A Matisse painting that was looted by the Nazis and became part of a reclusive German collector's long-hidden treasure trove was handed over on Friday to the heirs of a Jewish art dealer.
Henri Matisse's Woman Sitting in an Armchair was one of the first two works from the vast trove of art hoarded by Cornelius Gurlitt to be returned to its rightful owners.
Lawyer Chris Marinello, who represents the heirs of Paris-based dealer Paul Rosenberg and who travelled to Munich to pick up the painting, said he was delighted with its return and hopes the German government "will act with expediency and transparency in reviewing and resolving other claims to the Gurlitt pictures."
Mr. Gurlitt died last May, a few months after it emerged that authorities had seized some 1,400 items at his Munich apartment while investigating a tax case in 2012. Officials have been checking whether several hundred of the works were seized from their owners by the Nazis.
A Swiss museum that accepted Mr. Gurlitt's bequest of his collection and a cousin who has challenged his will both promised to ensure any looted pieces are returned to Jewish owners' heirs.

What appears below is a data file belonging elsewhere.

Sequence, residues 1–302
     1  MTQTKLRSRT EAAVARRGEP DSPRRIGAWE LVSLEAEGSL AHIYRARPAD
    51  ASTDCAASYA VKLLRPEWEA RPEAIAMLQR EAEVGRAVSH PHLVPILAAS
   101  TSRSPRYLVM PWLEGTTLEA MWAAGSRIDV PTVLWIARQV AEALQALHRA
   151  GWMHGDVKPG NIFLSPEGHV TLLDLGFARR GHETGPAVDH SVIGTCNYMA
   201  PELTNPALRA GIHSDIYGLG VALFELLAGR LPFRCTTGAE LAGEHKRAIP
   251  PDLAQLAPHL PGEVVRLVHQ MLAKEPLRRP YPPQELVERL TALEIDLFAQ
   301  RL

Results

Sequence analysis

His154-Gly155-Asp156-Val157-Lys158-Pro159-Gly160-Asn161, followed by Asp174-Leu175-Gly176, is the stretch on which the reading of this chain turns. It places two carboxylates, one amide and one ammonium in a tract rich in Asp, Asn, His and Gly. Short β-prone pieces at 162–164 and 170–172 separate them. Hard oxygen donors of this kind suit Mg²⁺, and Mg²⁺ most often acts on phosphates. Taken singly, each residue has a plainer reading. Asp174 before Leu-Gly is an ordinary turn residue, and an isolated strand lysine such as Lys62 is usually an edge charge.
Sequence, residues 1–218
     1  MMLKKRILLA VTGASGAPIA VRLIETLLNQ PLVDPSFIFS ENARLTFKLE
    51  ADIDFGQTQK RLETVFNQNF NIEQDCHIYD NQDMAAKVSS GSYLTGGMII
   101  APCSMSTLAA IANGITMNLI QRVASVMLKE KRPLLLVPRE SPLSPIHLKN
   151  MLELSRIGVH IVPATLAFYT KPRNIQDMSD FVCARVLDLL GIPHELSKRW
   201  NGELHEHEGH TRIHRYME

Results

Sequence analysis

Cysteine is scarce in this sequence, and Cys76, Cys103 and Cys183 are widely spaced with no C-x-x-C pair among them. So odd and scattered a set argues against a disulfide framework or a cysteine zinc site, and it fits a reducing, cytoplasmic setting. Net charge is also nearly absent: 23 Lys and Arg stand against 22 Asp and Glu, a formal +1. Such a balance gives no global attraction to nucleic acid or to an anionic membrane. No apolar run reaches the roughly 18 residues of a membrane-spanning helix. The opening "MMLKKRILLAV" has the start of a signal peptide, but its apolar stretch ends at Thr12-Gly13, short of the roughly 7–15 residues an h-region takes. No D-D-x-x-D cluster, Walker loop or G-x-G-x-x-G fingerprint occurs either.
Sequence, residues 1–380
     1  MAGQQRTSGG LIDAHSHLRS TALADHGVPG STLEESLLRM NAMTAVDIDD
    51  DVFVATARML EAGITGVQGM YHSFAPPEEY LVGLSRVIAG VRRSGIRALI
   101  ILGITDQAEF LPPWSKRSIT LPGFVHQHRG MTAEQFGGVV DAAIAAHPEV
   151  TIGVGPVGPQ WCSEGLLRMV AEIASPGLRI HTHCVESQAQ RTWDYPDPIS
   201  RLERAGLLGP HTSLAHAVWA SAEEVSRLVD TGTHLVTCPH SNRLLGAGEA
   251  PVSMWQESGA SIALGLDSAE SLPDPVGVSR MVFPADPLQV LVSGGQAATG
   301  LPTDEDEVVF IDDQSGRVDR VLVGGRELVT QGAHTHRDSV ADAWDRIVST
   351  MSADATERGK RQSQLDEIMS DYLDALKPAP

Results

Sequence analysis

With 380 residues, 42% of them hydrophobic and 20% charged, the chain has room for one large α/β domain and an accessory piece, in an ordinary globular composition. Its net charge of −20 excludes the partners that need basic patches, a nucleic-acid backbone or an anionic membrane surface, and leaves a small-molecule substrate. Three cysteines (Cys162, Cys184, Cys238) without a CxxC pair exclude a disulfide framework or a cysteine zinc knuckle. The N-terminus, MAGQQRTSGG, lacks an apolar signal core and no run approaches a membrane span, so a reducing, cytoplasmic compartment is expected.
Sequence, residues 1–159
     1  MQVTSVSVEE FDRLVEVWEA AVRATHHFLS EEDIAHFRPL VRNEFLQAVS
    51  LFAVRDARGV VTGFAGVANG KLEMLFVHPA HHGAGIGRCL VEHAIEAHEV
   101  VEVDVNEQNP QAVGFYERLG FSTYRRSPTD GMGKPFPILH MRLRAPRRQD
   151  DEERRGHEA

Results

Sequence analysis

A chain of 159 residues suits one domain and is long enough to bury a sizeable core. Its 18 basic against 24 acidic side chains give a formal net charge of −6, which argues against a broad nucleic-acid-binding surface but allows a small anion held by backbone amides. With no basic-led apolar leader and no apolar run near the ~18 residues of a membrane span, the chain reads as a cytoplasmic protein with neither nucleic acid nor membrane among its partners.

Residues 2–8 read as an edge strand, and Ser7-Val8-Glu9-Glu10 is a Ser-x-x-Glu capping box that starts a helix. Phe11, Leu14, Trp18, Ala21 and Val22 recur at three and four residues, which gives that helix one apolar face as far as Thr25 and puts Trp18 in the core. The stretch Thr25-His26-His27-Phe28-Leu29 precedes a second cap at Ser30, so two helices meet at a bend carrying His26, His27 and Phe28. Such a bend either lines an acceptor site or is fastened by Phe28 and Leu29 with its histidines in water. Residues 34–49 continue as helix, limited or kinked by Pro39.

Germany's government signed restitution agreements in March for the Matisse painting and Max Liebermann's Two Riders on the Beach, which was seized from businessman David Friedmann.
A Munich court handling Mr. Gurlitt's estate formally authorized the return of the two paintings on Tuesday after both potential heirs to his collection endorsed the move. Thomas Pfaff, a spokesman for Mr. Gurlitt's cousin Uta Werner, said the Liebermann piece was returned on Wednesday.
Experts have determined that two more pieces from the Gurlitt trove – Carl Spitzweg's Couple of Musicians and Camille Pissarro's The Seine seen from the Pont-Neuf, the Louvre in the background – were looted by the Nazis.